English Teaching

This is a teaching major designed to meet state requirements for a licensed teacher to teach secondary education (Grades 5-12) and to become endorsed in speech, writing, literature, theatre and journalism. Students must double major in secondary education.

English department homepage

Required Courses:

Reading and Writing:
EDU247 – Reading in the Content Area
ENG221 – Responding to Writing
ENG250LC – Literary Contexts
(4 credits) (NWCore option under Literary Contexts)ENG250LC offers students an introduction to literary study. The topics of individual sections vary by instructor and term. After completing this writing-intensive course, students will be able to imagine other lives, times, and places by reading a variety of texts; empathize with characters who have diverse stories and perspectives; analyze different genres of literature using the tools of literary study; craft a coherent essay with a clear thesis and careful textual analysis; articulate ways that literature speaks to and informs their own lives; express delight in God through the beauty of language and literary text; and witness God?s presence in the world through literature. Topics include:American Literature and the Rhetoric of Freedom: Americans often regard freedom as the defining characteristic of both their nation and themselves. This course examines how the rhetoric of freedom has been a force in American literature. We will complicate our understanding of American freedom by examining how it has been continually redefined throughout the nation?s literary history. We will consider how minority and oppressed groups have used the rhetoric of freedom to advance their own liberation and how Christian religions concepts and language have contributed to this rhetoric. Students will practice reading and writing critically and become familiar with a variety of literary genres, including historical narrative, autobiography, poetry, drama, essays, short stories, and novels. Literature in the World: This course teaches students to appreciate the aesthetic value of literature and consider its cultural contexts. The course explores the beauty of language, the importance of understanding the self and others, and invites readers to consider how literature contributes to our contemporary culture. The course is arranged thematically and content varies from year to year. Themes may include, but are not limited to: immigration, war, poverty, the power of metaphor, and visual art and literature. Literary Imaginations: For literature to be more than ink stains on white paper, we must use our imaginations to give it life. In this course we shall read works from throughout human history and around the world (India, Greece, Italy, England, Russia, Nigeria, Ireland, Japan) to imagine and understand the world that people have believed in, created, and inhabited. The Lives of Others: This course explores 4000 years of stories, from ancient Mesopotamia to the American South. Plays, poems, epics, and autobiographies broaden our perspective on the world and deepen our understanding of being human. Two central themes of the course are perceptions of difference and expressions of faith. Strangers, Gods, and Monsters: As careful, critical readers, we will come face to face with all sorts of strangers, gods and monsters (both mythic and modern) as we journey through New Mexico deserts, English monasteries, modern day American prisons, contemporary Nigerian villages, Aboriginal healing ceremonies, and deep into the heart of Japan?s 17th century Samurai culture. Disney: What do a pocket-sized dragon, a talking willow tree, and a confused rooster have in common? Their characters debuted in film. Disneyâ??s Mushu, Grandmother Willow, and HeiHei were not in the original stories from which Disney drew inspiration. This course is an introduction to the art of adaptation and explores many of the literary contexts upon which the Disneyâ??s storytelling empire was built. Students will learn how to research, analyze, and discuss written and visual texts, and to create their own adaptations of literature through papers, storyboards, and multimedia projects.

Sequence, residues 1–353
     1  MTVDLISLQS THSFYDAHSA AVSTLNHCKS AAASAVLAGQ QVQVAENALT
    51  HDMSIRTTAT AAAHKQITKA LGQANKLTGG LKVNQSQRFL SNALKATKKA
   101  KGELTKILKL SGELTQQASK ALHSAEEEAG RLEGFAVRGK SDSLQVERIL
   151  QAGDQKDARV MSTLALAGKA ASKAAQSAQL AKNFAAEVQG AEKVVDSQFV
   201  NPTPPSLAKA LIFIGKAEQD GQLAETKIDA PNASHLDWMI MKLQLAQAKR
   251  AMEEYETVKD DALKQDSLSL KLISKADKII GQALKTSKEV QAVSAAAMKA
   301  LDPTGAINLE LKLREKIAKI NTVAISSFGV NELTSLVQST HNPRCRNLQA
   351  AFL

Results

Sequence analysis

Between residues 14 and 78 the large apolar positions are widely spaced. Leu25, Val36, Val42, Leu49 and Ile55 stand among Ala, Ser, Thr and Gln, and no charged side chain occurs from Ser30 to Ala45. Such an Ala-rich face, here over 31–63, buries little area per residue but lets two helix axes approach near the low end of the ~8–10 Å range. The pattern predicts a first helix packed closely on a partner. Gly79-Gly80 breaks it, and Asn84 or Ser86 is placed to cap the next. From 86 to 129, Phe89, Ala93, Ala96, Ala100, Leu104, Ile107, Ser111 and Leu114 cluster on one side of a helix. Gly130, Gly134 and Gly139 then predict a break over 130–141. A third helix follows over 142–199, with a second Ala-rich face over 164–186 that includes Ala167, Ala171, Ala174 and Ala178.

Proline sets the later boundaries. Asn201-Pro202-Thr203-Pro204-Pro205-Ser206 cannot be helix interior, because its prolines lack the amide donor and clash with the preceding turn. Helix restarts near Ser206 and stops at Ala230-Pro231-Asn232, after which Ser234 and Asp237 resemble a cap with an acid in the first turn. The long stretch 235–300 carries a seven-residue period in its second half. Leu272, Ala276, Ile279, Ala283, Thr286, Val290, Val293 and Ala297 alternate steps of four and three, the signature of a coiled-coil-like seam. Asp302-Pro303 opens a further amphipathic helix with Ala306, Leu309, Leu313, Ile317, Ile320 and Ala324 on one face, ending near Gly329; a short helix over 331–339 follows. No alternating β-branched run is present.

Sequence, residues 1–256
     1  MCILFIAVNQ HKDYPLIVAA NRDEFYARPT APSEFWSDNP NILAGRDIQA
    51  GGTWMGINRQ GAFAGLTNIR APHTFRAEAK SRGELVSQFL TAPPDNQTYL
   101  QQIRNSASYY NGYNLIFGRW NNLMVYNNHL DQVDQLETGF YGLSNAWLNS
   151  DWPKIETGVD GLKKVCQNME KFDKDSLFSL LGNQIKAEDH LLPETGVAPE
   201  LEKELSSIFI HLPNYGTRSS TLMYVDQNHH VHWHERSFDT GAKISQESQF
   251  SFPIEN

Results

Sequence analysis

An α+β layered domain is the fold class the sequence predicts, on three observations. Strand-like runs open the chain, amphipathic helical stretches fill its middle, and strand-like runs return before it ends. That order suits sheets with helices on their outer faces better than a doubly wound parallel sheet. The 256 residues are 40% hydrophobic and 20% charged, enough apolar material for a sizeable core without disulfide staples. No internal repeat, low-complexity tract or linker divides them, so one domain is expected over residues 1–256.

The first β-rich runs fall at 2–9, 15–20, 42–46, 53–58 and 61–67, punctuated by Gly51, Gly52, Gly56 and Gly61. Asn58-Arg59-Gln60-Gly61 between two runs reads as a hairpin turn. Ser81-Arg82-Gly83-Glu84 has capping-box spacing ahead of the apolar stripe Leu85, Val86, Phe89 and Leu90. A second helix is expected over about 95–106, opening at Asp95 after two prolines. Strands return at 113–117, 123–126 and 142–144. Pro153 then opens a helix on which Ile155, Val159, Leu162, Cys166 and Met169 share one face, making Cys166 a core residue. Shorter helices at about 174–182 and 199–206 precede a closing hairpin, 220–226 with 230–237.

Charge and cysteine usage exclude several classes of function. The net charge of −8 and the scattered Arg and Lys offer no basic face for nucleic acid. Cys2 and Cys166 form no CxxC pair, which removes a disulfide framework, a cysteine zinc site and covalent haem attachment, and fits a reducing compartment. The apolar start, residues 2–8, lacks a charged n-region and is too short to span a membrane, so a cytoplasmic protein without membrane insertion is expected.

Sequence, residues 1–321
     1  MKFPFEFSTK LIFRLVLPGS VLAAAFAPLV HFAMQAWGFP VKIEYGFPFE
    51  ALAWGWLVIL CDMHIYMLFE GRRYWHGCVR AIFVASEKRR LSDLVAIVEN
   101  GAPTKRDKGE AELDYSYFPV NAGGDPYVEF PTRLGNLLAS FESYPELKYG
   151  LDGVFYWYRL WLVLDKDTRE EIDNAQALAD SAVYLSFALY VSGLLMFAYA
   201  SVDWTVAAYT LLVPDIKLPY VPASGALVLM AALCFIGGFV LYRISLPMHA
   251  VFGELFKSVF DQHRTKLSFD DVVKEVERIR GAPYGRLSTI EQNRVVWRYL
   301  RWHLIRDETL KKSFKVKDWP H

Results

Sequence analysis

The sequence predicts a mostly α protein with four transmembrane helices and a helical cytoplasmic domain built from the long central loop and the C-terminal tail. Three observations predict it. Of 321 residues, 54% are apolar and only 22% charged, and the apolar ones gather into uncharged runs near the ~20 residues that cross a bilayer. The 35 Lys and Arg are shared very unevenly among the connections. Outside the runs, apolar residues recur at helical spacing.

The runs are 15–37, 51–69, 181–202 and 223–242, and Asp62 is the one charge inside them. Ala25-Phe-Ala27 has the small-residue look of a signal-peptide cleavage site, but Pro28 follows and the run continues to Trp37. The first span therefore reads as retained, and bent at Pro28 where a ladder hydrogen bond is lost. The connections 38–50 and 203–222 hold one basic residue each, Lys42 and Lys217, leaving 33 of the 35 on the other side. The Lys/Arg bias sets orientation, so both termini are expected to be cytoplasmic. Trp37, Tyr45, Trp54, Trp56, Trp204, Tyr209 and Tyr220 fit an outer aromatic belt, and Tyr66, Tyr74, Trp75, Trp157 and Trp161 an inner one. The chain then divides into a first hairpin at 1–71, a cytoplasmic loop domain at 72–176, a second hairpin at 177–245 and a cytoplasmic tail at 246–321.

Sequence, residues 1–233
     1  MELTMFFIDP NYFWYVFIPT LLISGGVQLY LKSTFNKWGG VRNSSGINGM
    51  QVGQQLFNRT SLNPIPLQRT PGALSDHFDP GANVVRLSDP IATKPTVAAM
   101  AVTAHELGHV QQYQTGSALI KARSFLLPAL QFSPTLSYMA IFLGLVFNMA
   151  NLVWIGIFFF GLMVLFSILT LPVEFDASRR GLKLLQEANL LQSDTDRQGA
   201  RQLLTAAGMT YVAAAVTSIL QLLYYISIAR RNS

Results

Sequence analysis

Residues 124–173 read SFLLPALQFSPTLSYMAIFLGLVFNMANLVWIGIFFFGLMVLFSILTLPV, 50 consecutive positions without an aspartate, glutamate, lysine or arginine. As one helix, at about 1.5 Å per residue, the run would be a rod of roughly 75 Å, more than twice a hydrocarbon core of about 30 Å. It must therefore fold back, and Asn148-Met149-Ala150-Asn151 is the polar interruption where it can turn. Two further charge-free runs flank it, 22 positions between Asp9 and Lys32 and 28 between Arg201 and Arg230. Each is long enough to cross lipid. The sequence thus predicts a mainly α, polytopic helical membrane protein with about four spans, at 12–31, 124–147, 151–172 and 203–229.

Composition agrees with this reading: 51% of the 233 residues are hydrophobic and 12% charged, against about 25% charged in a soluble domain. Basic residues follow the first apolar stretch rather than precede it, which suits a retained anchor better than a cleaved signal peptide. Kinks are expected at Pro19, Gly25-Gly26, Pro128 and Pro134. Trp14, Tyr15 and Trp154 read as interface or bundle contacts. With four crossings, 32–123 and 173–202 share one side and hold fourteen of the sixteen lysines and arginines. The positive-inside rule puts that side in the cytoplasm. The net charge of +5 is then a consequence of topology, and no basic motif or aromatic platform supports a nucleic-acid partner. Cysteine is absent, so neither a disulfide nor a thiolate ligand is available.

ENG277 – Young Adult Literature
ENG347 – American Literature II
Speech, Argumentation, and Multi-Modality:
COM261 – Feature Writing
COM263 – Layout and Design
PSC325 – American Political Thought
THE110AE – The Theatre Experience
(4 credits) (NWCore option under Aestetic Experience) An examination of the institution of theatre, its creational beauty, its witness to human brokenness, and its capacities for collaboration and flourishing.
THE112 – Performance Studies – if NWC101: First Year Seminar wasn’t taken
THE114 – Stagecraft
ENG283 – Grammar in the Classroom
ENG308 – Methods of Secondary English Language Arts
TSL225 – Linguistics and Second Language Acquisition

Total credits required: 39-43